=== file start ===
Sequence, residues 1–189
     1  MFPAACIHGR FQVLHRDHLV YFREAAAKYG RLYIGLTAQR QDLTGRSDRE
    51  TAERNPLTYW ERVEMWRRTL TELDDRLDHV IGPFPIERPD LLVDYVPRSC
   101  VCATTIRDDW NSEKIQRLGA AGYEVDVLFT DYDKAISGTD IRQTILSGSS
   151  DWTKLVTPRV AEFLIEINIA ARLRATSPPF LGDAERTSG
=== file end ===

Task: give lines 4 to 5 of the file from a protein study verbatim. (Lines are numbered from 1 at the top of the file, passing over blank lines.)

   101  VCATTIRDDW NSEKIQRLGA AGYEVDVLFT DYDKAISGTD IRQTILSGSS
   151  DWTKLVTPRV AEFLIEINIA ARLRATSPPF LGDAERTSG